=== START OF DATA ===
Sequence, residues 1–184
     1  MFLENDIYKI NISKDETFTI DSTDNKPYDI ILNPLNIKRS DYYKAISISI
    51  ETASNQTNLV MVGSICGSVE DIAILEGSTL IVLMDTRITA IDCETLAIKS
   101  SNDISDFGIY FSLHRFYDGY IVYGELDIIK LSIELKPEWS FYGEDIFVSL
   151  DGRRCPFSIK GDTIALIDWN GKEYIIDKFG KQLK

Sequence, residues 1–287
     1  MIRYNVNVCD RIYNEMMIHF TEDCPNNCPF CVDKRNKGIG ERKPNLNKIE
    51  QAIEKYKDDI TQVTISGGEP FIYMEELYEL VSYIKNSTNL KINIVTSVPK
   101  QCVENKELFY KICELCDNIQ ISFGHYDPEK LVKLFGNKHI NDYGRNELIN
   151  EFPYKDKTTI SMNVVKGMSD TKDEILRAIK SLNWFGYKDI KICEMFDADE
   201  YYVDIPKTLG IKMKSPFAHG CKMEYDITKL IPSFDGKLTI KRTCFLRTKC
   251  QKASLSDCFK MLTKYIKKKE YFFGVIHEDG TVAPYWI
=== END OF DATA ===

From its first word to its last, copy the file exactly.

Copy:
Sequence, residues 1–184
     1  MFLENDIYKI NISKDETFTI DSTDNKPYDI ILNPLNIKRS DYYKAISISI
    51  ETASNQTNLV MVGSICGSVE DIAILEGSTL IVLMDTRITA IDCETLAIKS
   101  SNDISDFGIY FSLHRFYDGY IVYGELDIIK LSIELKPEWS FYGEDIFVSL
   151  DGRRCPFSIK GDTIALIDWN GKEYIIDKFG KQLK

Sequence, residues 1–287
     1  MIRYNVNVCD RIYNEMMIHF TEDCPNNCPF CVDKRNKGIG ERKPNLNKIE
    51  QAIEKYKDDI TQVTISGGEP FIYMEELYEL VSYIKNSTNL KINIVTSVPK
   101  QCVENKELFY KICELCDNIQ ISFGHYDPEK LVKLFGNKHI NDYGRNELIN
   151  EFPYKDKTTI SMNVVKGMSD TKDEILRAIK SLNWFGYKDI KICEMFDADE
   201  YYVDIPKTLG IKMKSPFAHG CKMEYDITKL IPSFDGKLTI KRTCFLRTKC
   251  QKASLSDCFK MLTKYIKKKE YFFGVIHEDG TVAPYWI